• Communicate via sarcasm. Sarcasm is flexible derision. Say you give someone a verbal jab and the person tells you he is insulted, you can bend your surly comment into joke. Sarcasm has an undercurrent of contempt and disrespect.
• View life in terms of fairness and are quick to voice what they think is unfair. Life is unfair, period. We complain about unfairness when we aren’t getting what we want or think we should have.
Miseralites want fairness, but they discriminate. They want fairness, but only regarding good things. To be really fair, if we measure what we don’t have against what people do have, we must measure both the good and the bad. Wouldn’t it be fairer if we also had other people’s pain? For example, like that of my best friend and her husband who’ve lost both of their children?
Fairness equals sameness. For life to be fair we would have the same illnesses, the same level of intellect, the same talents and skills, and the same stuff. We wouldn’t need specialists and there would be no competitive sports, no market competition, and no talent shows. There would be no diversity, no challenges, and no striving for excellence. This is not God’s intent.
Our Past, Our Choice
There is no law, rule, or adage that says our lives are supposed to be easy and pain free. That’s what pharmaceutical companies, quick fix enterprises, and overindulging parents what you to believe. We all have aftereffects from our pasts. Maybe we didn’t have any control over what happened to us, but we do have control over how we live with it. God gave us the choice to live the way we want and the ability to live the way He wants and He wants us to live abundantly happy.
We can continue to keep our past alive and make it our identity, thereby perpetuating our victimization; we can carry the burdens of our past like heavy rocks on our backs perpetuating pain and suffering; or we can move beyond our past with forgiveness through God’s love, grace, and mercy using it as a means to help others. It’s our choice.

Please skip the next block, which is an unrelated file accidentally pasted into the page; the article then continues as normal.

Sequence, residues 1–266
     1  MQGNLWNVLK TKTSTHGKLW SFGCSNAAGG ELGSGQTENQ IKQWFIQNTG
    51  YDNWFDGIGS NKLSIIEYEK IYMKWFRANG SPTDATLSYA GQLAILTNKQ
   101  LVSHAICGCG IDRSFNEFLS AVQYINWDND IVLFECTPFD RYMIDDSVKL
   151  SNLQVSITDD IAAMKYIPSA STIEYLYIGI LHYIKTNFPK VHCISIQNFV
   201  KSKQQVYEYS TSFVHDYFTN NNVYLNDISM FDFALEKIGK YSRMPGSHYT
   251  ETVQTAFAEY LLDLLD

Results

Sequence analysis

To Be or Not To Be?… The Miseralite Question
Challenges can make us stronger, wiser, confident, and more faithful or they can make us weaker, imprudent, fearful, and suspicious. We determine the direction they lead us. We all have times when we feel distressed or depressed and are temporary Miseralites. So, we’ll have a pity party, get the support we need, and get ourselves back on track. Do not confuse Miseralites with people who are bereft. Those are situations of loss and grief from which people can heal, recover, and regain happiness. Miseralites struggle with knowing and accepting happiness.
You may be a Miseralite or may live with one. Evaluate your own Miseralite status here.
If you have symptoms of being a Miseralite…
- 50% of the time, you are a wishy washy. Commit to one side. At least you will have made a choice.
- Less than 50% of the time, stay tuned to learn how to be even happier.
- Greater than 50% of the time, you have the choice to stay or leave. No need to go any further if you choose to stay, but at least keep this prayer with you, “Dear Lord, I am stuck in the natural. Open my heart, mind, and soul to at least know and accept the spiritual as a way of life so I can live better for others, myself, and you. Thanks!”
For anyone who chooses to leave Miseralite status, stay tuned to learn how to correct your Miseralite traits and enjoy living happy. For anyone who lives with a Miseralite, stay tuned to learn how to live happier with someone who is happy being miserable.